Rana el Kaliouby co-founded and led Boston startup Affectiva, which uses artificial intelligence and computer vision to analyze mood and emotion.
Now she’s got a new job as deputy CEO of Smart Eye, after the Swedish eye-tracking company bought Affectiva for $73.5 million in June.
The auto industry is the prime market for el Kaliouby and competitors like Australia-based Seeing Machines. Carmakers are bracing for new safety rules and standards around the world that could require dashboard cameras to detect dangerous driver behavior, especially in vehicles that are partly driving themselves but still need human attention.
El Kaliouby says that’s just the beginning of where in-car AI systems are going. This interview has been edited for length and clarity.
Q: Ten years from now, a family’s in a car. What might your technology be doing on their trip?
A: OK, family’s in the car. You’ve got two kids in the back seat. First of all, the kids are fighting. The car knows that and can see that mom, who’s driving, is getting frustrated, a little mad, distracted. The car intervenes by recommending content for the kids — or through a conversational interface, mediating a game between the kids. They play for a little. They fall asleep. The car can see that so the lights dim and the music or movie turns off. Then the car realizes mom is exhausted and also starting to doze off, so it gets into this chatty mode to reengage her. And then mom leaves the car, forgets the child is in there, and gets a text message that says, “Oh, you may have forgotten Little Baby Joe!’ I’m making this up on the fly. It can basically personalize the whole cabin experience — music, lighting, temperature, based on knowing who’s inside the car and what they’re doing.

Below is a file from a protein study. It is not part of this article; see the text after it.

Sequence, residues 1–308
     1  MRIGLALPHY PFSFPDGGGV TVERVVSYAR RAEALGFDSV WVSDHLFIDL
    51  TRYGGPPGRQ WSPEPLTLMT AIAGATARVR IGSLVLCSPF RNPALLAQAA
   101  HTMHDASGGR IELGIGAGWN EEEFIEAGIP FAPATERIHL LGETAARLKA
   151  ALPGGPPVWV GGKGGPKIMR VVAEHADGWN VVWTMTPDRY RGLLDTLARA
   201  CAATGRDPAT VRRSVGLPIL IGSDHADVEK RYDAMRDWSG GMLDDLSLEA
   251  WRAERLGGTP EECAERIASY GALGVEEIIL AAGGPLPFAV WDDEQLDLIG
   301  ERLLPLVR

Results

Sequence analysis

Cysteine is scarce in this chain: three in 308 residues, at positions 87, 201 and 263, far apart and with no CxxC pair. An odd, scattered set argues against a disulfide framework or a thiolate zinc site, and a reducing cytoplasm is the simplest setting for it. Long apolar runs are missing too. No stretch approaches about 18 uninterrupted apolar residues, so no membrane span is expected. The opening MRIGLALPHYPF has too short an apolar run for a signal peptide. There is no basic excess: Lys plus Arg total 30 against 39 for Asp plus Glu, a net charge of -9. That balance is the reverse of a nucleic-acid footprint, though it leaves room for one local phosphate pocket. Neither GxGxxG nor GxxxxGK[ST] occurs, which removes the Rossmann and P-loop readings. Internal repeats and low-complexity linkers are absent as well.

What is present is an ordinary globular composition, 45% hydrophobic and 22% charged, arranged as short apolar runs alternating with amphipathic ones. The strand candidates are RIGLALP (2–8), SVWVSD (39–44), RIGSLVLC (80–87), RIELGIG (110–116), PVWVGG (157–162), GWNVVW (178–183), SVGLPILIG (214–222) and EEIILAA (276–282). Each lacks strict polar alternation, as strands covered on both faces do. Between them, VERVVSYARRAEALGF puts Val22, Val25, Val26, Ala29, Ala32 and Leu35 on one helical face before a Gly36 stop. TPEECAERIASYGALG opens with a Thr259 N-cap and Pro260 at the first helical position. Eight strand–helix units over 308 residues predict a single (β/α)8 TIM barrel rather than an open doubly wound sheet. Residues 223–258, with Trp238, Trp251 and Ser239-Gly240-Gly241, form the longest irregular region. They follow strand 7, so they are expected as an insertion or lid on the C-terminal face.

Q: What is Affectiva bringing to Smart Eye, and vice versa?